The second vaccine is Merck’s Zostavax™ which was approved by the FDA in 2005. Zostavax is a single dose, lyophilized, live, attenuated VZV (Oka/Merck) vaccine indicated for individuals greater than 50 years of age for the prevention of shingles and shingles-related PHN1. It is priced at $213 for a single dose.
The Shingles Prevention Study (SPS) and ZOSTAVAX Efficacy and Safety Trial (ZEST) were the two pivotal Phase III studies that demonstrated the efficacy of Zostavax against shingles. Zostavax had been found to be just over 51% effective for people over 50, approximately 38% effective in those aged 70 and older and 18% effective in those aged 80 and older. The vaccine’s efficacy lasted up to eight years post vaccination and decreased the incidence of shingles over time. Several post-marketing observational studies were conducted that confirmed the effectiveness of the vaccine. The results were consistent with clinical trial data.
Other antiviral prescriptions include acyclovir, valacyclovir, and famciclovir that help in reducing the severity of the attacks. Other treatments including anti-inflammatory corticosteroids such as prednisone are considered when facial nerves are affected.
Shortcomings of Current Therapy
Treatment with antiviral therapies are required to be initiated within the first 72 hours of onset of shingles rash for maximum benefits. Clinical trials have demonstrated that antiviral therapies must be taken as multiple doses per day to minimize the intensity of pain and duration of healing. While Shingrix reduced PHN by 90%, Zostavax had shown just a 67% reduction in adults aged 60 or older, according to the SPS study2. For both acyclovir and valacyclovir, dosage alterations are required for patients with significant renal dysfunction3. Further, antiviral therapies are not effective in PHN and require patients to resort to analgesics to alleviate pain temporarily.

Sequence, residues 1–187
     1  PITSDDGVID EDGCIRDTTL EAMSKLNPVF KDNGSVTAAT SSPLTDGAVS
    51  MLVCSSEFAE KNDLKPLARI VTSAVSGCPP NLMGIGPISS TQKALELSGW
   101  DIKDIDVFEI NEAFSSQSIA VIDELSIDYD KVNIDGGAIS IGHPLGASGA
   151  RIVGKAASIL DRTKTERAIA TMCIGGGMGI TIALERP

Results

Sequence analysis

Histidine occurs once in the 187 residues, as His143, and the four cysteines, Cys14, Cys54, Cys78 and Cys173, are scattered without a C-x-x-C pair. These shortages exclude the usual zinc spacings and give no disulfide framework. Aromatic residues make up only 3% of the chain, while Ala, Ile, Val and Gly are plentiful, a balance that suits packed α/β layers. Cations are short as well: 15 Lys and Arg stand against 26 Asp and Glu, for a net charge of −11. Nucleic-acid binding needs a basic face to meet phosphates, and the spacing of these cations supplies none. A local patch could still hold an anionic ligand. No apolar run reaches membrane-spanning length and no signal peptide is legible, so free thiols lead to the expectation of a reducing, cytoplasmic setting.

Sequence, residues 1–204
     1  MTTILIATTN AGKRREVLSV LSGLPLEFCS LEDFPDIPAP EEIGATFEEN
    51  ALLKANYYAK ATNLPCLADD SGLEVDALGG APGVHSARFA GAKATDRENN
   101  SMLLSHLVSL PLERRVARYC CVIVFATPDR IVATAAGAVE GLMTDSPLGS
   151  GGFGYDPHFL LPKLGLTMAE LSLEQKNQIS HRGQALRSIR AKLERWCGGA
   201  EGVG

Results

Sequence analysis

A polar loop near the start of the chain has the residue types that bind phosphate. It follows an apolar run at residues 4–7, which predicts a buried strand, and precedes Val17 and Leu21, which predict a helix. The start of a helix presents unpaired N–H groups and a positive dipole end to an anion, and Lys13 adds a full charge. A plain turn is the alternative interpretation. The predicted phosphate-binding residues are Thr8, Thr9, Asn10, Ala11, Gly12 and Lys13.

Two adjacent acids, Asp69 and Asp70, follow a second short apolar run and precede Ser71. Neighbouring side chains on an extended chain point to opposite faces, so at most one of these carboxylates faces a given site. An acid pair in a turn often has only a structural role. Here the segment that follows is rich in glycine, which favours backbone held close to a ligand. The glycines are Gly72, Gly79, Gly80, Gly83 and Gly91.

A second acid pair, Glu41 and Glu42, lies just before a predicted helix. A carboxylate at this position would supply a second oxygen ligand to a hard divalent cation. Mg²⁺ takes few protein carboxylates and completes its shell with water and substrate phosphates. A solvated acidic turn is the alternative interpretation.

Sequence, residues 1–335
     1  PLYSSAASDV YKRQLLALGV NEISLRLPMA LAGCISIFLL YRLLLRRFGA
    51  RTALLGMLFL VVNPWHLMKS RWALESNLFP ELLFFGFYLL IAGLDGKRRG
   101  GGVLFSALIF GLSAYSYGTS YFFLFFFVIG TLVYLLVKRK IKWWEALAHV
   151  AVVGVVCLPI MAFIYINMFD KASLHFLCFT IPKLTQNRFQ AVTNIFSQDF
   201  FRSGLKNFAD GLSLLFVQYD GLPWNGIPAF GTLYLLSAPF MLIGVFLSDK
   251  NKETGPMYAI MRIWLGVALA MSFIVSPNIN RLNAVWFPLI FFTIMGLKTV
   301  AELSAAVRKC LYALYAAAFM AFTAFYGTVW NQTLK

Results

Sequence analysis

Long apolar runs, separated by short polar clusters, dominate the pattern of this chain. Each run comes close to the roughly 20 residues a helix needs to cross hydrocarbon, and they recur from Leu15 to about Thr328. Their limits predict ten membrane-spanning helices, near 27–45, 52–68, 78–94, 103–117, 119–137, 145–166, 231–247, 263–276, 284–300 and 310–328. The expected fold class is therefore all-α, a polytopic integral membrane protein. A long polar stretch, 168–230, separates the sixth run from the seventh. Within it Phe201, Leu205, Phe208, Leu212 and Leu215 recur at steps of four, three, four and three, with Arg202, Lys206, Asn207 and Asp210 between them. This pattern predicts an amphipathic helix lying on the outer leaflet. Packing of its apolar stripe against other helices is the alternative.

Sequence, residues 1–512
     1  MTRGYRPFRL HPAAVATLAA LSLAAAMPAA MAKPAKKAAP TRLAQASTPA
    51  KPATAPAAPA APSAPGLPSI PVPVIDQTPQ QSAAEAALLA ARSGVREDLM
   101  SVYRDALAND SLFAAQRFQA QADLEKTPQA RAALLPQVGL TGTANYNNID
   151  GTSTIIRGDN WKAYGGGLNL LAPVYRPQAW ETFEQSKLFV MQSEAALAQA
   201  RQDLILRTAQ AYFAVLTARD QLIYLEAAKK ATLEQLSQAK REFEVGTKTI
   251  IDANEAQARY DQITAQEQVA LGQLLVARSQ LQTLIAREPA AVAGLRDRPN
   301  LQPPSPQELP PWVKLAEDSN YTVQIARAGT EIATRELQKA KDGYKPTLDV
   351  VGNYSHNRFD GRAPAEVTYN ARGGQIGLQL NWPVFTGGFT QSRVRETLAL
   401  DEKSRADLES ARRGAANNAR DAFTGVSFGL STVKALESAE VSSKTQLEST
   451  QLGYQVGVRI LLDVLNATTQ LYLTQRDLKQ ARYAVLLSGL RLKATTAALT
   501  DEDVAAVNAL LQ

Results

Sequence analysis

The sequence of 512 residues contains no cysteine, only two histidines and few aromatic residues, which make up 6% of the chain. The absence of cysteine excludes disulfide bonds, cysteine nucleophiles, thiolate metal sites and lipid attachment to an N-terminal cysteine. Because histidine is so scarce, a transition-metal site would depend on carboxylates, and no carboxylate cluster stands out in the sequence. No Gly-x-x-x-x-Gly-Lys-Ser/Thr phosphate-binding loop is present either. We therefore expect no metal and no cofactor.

NNVC’s platform technology
NanoViricides, Inc. is developing a drug candidate to treat shingles and also potentially minimize the related PHN. The company is developing drug candidates that are designed to identify, engulf and destroy the virus particles without harming the healthy cells. Additionally, the company has demonstrated Accurate-Drug-In-Field™ (ADIF) technology capabilities where a drug candidate can be developed in the field using stockpiled nanomicelles to specifically target a virus. Initial drug doses can be developed in timeframes as short as three weeks. NanoViricide drug candidates can be formulated for topical, parenteral or oral routes of administration.
The following sections describe the drug candidate’s mechanism of action and discuss the results from the early in vitro testing using human skin infection model that demonstrated inhibitory behavior against VZV.
View Exhibit I - A NanoViricide (source:www.nanoviricides.com)
The NanoViricide technology is being developed to render a virus completely incapable of invading the host cell. The company describes a nanoviricide as “a polymeric nano-micelle made from polyethylene glycol and alkyl pendants with virus-specific targeting ligands attached”. Virus-specific ligands are attached covalently to the basic structure of the polymer to mimic the binding site on the cell surface receptors. The company characterizes their platform technology to attack viruses using a war-like analogy called “Bind-Encapsulate-Destroy”. A nanoviricide is designed to seek a specific virus type. The technology is designed to attack only the virus outside cells, and potentially also the virus infected cells that display viral coat proteins on their surface, thus sparing other normal cells.
NanoViricide – Mechanism of Action
View Exhibit II - Role of a NanoViricide (source:www.nanoviricides.com)